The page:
SUNNY CAL JOURNAL - Don McGlothlin Challenged By The Times

By Bob Weaver 2002

Former Calhouner and CHS graduate David Hathaway returned to the alumni reunion each year to greet old friends. Hathaway came in 1993 on the occasion of the anniversary of the class of 1943, at which time he delivered a speech.

Hathaway shared memories of principal Don McGlothlin (pictured left) who was fired by the local school board after he refused to make one or more students, Jehovah Witnesses, salute and say the Pledge of Allegiance. They refused on religious grounds.

The case went to the U. S. Supreme Court, which essentially vindicated McGlothlin, ruling on the side of religious freedom.

"That court decision was cited as a landmark case supporting a current issue in Congress, on National Public Radio," said Hathaway.

Hathaway said McGlothlin was an energetic and devout educator and a student of the Constitution.

He expanded the idea of "clubs" in the school to provide students a broader view of the world.

"Mr. McGlothlin was a man of high convictions and was much to be admired for his stand on civil rights at a difficult time in our history," said Hathaway.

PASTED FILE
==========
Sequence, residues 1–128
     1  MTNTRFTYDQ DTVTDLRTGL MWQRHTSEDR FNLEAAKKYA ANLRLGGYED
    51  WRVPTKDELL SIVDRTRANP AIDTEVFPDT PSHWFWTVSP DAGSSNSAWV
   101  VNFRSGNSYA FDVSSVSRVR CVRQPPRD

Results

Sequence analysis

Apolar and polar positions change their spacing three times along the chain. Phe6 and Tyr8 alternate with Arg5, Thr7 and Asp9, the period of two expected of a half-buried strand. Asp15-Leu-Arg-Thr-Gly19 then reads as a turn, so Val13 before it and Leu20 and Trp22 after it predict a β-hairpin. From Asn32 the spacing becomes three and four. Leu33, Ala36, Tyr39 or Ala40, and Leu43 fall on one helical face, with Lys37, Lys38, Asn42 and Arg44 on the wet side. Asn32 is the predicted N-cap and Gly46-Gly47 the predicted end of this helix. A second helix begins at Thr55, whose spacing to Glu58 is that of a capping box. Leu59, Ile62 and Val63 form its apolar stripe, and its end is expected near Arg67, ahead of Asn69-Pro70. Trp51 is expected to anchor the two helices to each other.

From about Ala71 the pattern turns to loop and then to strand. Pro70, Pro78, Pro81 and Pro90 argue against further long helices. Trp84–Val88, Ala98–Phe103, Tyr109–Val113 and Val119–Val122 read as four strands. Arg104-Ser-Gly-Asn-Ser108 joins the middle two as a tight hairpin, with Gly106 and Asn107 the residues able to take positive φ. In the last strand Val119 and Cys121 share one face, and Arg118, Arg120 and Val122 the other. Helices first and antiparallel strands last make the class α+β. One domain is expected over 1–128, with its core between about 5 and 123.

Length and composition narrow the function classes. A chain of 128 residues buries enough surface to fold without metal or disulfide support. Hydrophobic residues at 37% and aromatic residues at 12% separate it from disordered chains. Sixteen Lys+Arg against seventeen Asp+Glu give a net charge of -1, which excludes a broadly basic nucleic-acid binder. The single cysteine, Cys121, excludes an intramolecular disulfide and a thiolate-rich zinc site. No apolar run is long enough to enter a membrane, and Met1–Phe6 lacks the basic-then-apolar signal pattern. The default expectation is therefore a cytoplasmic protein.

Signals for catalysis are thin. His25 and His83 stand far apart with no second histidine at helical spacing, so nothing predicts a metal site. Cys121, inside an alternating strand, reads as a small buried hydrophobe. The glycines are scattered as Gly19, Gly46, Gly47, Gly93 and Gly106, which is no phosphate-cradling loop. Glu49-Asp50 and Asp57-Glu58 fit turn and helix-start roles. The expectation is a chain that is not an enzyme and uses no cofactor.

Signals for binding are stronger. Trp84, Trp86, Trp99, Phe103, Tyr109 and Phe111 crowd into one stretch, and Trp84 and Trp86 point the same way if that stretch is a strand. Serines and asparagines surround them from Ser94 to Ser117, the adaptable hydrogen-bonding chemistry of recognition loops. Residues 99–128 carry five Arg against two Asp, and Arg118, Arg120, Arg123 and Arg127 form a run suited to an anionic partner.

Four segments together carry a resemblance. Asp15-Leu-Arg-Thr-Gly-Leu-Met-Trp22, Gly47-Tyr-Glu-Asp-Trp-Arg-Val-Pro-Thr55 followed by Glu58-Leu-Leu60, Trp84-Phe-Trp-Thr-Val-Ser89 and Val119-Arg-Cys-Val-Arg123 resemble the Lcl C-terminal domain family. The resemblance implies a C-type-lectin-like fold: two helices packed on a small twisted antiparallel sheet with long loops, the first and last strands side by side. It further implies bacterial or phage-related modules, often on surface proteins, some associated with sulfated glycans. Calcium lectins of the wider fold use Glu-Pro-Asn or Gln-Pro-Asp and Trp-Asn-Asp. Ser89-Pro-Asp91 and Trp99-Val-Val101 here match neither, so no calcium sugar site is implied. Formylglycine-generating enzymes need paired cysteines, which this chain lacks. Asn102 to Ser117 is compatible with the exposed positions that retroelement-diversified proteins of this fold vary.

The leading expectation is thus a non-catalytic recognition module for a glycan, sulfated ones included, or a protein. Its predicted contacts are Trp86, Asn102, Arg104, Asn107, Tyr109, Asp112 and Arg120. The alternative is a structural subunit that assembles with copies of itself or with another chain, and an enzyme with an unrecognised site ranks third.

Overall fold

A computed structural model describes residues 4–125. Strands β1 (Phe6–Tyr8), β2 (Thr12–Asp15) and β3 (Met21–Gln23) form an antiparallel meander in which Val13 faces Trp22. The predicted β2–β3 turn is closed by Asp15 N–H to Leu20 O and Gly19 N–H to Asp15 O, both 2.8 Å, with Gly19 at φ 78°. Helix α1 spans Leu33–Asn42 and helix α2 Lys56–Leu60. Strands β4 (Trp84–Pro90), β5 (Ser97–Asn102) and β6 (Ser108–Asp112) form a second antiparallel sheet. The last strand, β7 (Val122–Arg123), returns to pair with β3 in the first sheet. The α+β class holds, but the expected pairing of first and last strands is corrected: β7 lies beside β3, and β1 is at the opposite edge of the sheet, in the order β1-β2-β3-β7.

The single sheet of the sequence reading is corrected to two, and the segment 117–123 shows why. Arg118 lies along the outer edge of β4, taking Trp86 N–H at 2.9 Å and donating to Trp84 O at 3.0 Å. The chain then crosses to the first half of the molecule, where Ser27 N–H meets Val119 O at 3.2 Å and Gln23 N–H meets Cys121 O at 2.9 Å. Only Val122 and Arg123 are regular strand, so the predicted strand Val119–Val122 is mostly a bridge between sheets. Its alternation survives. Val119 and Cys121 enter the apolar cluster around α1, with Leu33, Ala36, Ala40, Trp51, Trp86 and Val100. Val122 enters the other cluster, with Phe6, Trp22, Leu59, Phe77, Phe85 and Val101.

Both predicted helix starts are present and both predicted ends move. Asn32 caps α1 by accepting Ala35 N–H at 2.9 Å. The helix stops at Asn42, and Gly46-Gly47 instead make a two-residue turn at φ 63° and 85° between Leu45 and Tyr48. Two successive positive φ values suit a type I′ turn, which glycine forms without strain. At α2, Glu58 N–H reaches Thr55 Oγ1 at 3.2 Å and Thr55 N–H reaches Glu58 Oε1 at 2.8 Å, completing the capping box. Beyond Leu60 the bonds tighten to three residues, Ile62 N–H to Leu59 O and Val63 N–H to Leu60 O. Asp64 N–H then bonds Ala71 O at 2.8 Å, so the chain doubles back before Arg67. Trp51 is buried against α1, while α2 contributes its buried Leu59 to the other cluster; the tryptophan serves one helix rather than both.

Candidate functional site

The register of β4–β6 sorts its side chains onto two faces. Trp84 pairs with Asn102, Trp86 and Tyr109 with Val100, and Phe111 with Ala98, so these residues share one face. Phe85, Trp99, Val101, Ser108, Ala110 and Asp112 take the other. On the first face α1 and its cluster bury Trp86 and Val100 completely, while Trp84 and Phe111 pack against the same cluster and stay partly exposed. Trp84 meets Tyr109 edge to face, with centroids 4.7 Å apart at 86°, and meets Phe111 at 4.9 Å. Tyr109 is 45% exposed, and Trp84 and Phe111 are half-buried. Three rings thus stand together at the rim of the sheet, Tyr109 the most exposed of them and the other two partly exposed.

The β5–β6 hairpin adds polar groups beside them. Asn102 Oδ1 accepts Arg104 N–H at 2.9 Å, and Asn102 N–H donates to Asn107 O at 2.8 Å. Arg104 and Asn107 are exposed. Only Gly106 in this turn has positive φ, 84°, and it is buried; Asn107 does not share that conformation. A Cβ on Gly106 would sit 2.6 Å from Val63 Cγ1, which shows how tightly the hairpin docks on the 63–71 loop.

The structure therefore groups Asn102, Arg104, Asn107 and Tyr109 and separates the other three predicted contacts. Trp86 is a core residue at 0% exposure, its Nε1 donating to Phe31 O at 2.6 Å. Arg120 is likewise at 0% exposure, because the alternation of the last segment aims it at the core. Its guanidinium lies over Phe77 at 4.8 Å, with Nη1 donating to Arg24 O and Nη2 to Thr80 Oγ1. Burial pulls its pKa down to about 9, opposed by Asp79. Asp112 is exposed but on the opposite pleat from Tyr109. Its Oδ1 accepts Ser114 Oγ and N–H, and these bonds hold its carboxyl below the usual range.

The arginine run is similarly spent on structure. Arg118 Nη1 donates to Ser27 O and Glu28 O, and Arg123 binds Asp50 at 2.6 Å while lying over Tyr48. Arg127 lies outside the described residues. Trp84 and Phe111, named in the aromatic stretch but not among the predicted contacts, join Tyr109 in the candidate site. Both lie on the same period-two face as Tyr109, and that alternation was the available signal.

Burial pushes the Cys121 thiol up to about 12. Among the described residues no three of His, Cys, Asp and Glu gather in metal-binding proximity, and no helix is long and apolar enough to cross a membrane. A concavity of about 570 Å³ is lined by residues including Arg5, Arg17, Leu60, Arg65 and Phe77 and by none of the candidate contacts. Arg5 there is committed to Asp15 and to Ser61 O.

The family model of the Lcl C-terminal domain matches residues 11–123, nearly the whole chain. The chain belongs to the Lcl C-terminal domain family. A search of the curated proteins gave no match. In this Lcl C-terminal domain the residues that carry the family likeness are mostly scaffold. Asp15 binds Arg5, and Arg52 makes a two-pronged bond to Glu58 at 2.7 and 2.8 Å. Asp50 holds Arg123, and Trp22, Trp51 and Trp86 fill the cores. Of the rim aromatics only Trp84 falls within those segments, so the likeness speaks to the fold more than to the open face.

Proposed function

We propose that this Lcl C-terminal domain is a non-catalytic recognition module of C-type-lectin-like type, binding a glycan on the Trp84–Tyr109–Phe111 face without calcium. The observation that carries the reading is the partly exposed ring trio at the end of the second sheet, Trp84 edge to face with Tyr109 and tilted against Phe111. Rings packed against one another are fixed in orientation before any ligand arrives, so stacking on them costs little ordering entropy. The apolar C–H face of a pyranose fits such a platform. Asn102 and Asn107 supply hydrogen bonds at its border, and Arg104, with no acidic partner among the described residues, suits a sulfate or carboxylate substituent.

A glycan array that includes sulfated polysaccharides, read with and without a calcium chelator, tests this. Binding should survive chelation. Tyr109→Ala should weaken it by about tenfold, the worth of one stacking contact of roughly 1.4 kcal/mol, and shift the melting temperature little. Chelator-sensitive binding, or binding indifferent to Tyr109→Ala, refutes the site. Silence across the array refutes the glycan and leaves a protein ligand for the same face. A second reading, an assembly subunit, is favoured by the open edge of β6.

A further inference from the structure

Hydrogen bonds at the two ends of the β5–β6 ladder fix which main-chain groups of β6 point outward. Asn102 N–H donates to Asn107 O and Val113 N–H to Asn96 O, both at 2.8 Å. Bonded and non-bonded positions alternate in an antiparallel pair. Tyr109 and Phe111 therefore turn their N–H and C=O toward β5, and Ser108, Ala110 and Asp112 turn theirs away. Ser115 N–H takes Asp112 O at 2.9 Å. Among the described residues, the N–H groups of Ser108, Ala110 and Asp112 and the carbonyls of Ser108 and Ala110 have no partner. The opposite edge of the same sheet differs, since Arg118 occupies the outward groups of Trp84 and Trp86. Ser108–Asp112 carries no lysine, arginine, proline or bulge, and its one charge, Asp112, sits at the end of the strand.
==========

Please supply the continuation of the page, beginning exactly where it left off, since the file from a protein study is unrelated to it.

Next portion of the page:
His stand cost him his job, after which the students protested his ousting.

McGlothin, now deceased, went on to better things, as an educator, government worker and writer, spending his later years in Illinois.

He was listed for 18 years in "Who's Who in American Education."

In 1982 he wrote a biography about the rise of Ronald Reagan to the presidency, a "Star to Guide Us." Many literary critics have declared McGlothlin's book the best one-volume book written about Reagan.

Being a Democrat from Calhoun County, McGlothlin had some reservations about his contract to write about a Republican. He spent 18 months combing over a thousand references and talking to people who knew Reagan as a young man.

During his days in Calhoun, he began a book called "Inland Retreat" about Calhoun County, but it was never completed.

Hathaway said McGlothlin returned to a reunion of Calhoun High's class of 1943, held at the Mount Zion Community Park. "In high school I remember him singing a song while balancing on two legs of a chair," he recalled.

Hathaway asked him if he could still do it, and he readily volunteered. "I played an old piano while he sang."

Hathaway said McGlothlin was an exceptional individual, who "returned his talents to many people and the world."

Dick Bailey, son of Pascal D. Bailey, a school teacher in many of the one room schools in Calhoun, described McGlothlin as the most exceptional young man he had ever encountered, McGlothlin likely going to school to Bailey in the Milo area.

See "Landmark Graven Image Case" about McGlothlin under People, Humor and History